Louis I. Kahn, Kimbell Art Museum (Fort Worth, Texas: 1967-72).

And the cloud that passes over gives the room a feeling of association with the person that is in it, knowing that there is life outside of the room, and it reflects the life-giving that a painting does because I think a work of art is a giver of life. So light, this great maker of presences, can never be . . . brought forth by the single moment in light which the electric bulb has. And natural light has all the moods of the time of the day, the seasons of the year, [which] year to year and day for day are different from the day preceding.
Louis I. Kahn, Light is the Theme (Fort Worth: Kimbell Art Foundation, 1975), p. 18.

When Louis Kahn designs a museum, a similar emptying out occurs. These are sacred spaces for supra-earthly contemplation, where light is treated as a mystical presence or supernatural visitor, providing a model of what human users might aspire to. Thus the roof structure becomes and elemant of utmost moment and often remains unsettles and subject to change until late in the process.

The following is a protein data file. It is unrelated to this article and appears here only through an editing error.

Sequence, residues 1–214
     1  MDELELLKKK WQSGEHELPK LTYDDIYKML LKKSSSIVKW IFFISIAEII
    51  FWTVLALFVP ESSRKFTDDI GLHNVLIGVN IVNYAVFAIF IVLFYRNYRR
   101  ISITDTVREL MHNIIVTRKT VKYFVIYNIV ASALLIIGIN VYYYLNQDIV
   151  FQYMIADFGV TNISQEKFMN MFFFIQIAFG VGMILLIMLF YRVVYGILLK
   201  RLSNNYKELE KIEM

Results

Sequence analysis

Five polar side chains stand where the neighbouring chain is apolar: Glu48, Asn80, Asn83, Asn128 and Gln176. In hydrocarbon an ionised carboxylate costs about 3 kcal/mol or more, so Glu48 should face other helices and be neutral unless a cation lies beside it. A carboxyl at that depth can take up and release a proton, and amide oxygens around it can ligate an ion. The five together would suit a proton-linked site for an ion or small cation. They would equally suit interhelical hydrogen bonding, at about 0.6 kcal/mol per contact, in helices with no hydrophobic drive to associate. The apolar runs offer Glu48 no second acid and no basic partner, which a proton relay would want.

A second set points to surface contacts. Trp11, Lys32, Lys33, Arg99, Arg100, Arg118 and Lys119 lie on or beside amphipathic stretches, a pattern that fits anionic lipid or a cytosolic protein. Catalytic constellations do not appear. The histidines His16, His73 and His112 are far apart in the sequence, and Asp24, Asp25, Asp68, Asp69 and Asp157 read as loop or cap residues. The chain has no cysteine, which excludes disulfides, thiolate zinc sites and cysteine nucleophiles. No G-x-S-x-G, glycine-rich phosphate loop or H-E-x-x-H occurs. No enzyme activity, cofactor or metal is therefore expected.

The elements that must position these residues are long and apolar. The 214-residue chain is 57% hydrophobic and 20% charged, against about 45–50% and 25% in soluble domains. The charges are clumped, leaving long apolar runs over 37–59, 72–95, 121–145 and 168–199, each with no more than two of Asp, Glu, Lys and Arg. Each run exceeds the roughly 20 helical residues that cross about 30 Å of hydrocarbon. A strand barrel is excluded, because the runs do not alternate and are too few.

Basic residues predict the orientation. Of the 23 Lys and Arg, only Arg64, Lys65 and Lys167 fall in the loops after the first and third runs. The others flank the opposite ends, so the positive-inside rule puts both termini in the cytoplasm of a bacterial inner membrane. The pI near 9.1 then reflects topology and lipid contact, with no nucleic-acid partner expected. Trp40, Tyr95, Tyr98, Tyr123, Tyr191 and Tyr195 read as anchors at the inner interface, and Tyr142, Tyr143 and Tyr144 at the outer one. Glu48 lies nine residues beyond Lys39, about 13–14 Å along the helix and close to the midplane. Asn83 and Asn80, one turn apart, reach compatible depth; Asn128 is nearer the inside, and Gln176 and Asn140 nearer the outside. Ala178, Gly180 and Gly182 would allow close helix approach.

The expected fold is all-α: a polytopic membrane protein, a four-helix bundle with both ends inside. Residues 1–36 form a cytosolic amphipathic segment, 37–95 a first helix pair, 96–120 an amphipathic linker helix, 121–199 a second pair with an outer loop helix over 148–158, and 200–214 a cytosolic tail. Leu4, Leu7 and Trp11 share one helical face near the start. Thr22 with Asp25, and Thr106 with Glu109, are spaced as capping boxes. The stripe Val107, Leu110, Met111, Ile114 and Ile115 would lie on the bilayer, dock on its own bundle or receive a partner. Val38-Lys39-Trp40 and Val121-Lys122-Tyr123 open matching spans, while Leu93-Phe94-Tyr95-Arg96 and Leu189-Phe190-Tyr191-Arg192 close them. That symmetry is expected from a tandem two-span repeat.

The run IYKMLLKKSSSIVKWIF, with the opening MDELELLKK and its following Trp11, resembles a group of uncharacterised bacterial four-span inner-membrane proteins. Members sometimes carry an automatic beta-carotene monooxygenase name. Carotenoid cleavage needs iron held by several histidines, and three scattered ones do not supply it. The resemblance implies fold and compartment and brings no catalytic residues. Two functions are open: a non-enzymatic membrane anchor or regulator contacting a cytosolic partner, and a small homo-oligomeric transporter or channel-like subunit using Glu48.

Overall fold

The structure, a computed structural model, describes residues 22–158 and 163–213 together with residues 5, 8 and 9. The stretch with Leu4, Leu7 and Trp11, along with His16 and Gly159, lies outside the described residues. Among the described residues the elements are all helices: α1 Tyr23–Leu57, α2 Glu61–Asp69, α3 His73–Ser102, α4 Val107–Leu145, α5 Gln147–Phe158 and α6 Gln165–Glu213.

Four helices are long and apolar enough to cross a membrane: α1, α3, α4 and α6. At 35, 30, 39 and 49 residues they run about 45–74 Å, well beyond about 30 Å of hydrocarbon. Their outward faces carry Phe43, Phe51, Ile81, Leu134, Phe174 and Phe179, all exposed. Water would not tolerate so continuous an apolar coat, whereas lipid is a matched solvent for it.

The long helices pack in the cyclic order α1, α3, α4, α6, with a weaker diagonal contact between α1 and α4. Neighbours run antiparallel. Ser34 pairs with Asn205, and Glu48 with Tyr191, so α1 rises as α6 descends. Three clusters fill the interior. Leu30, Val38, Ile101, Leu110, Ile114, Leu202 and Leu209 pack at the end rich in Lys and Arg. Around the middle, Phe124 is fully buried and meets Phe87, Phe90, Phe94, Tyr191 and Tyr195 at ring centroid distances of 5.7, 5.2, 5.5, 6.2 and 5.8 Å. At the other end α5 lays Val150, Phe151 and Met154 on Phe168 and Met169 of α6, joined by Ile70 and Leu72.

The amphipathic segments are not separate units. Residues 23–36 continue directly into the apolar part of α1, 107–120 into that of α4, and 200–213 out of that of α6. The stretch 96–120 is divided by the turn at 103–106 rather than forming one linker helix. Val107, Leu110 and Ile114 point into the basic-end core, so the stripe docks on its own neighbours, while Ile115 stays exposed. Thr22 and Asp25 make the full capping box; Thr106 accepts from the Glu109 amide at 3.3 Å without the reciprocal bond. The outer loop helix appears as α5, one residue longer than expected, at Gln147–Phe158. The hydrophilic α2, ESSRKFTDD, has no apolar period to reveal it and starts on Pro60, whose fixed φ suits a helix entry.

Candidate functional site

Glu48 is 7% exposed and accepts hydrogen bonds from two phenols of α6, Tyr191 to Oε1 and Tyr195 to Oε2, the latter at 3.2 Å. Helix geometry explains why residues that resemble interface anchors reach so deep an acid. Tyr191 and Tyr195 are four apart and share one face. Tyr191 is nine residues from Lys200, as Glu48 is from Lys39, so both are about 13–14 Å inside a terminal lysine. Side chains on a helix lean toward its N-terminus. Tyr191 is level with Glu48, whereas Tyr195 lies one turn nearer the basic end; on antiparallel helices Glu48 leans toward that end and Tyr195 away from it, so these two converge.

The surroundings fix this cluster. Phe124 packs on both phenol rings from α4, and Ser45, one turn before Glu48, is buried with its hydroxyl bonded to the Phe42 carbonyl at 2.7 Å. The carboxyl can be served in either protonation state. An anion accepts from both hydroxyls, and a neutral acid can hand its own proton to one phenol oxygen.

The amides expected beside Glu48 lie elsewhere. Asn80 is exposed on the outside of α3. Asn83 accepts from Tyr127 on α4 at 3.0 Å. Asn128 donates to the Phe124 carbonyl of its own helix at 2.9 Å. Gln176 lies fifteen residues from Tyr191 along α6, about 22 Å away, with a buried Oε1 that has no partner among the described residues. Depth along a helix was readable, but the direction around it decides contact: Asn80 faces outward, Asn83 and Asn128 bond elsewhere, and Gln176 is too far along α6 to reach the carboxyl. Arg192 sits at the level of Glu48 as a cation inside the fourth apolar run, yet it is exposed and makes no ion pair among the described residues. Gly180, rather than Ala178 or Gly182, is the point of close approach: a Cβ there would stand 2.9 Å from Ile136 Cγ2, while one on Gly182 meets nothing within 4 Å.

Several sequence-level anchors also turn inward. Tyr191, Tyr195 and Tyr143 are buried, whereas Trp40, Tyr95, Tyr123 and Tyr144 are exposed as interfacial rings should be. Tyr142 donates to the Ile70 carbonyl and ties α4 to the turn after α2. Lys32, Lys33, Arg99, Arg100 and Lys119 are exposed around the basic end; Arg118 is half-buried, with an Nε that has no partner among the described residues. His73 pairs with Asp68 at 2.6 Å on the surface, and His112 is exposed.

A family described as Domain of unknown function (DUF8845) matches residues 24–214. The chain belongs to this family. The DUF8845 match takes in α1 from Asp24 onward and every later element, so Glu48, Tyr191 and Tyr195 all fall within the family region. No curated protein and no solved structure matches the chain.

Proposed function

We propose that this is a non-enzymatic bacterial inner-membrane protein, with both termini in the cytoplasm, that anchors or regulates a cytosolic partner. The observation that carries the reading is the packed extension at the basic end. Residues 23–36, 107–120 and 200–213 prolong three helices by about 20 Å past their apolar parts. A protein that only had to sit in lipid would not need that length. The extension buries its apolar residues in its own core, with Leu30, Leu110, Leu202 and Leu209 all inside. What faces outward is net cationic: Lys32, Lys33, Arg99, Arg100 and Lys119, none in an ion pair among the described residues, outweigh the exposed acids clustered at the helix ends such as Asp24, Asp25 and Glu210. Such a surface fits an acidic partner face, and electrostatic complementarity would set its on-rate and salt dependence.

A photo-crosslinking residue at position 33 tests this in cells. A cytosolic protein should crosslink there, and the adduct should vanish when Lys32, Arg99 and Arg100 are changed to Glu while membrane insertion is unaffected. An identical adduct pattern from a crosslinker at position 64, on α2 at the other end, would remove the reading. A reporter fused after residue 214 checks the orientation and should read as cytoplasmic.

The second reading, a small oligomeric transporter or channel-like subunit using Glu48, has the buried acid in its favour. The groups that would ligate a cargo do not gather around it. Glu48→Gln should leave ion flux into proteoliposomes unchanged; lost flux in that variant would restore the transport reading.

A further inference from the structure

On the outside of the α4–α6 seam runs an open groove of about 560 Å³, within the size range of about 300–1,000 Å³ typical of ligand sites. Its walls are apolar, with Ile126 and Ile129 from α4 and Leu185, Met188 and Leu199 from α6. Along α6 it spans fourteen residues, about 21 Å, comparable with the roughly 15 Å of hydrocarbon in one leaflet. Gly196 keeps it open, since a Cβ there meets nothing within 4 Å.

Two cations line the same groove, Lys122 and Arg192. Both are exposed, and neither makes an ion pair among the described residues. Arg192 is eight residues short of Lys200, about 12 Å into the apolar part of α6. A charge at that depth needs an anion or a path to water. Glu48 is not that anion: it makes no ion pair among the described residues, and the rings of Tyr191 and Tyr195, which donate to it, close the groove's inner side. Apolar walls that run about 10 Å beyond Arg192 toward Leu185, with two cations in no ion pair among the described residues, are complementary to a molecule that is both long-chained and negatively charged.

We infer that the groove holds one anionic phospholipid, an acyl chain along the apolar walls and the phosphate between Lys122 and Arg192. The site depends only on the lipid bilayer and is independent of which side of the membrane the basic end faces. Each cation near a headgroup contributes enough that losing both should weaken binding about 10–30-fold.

This could be read as an allegory--the roof is the building's link with heaven or the membrane between the building and the heavens.
Robert Harbison, Thirteen Ways (Cambridge: The MIT Press, 1997), p. 155.

The scenerio of initiation - death to the profane condidtion, followed by rebirth to the sacred world, the world of the gods - also plays an important role in highly evolved religions. . . .
From one religion to another, from one gnosis or one wisdom to another, the immemorial theme of the second birth is enriched with new values, which sometimes profoundly change the content of the experience. Nevertheless, a common element, an invariable, remains. It could be defined as follows: access to spiritual life always entails death to the profane condition, followed by a new birth.
Mircea Eliade, The Sacred and the Profane - The Nature of Religion (New York: Harcourt, Brace & World, 1959), p. 197 & 201.



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